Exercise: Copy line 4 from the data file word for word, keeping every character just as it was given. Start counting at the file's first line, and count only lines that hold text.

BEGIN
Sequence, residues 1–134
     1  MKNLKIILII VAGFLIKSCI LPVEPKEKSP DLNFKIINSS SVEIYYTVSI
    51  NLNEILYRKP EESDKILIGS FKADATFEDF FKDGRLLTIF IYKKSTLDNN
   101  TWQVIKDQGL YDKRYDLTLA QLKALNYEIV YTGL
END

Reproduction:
   101  TWQVIKDQGL YDKRYDLTLA QLKALNYEIV YTGL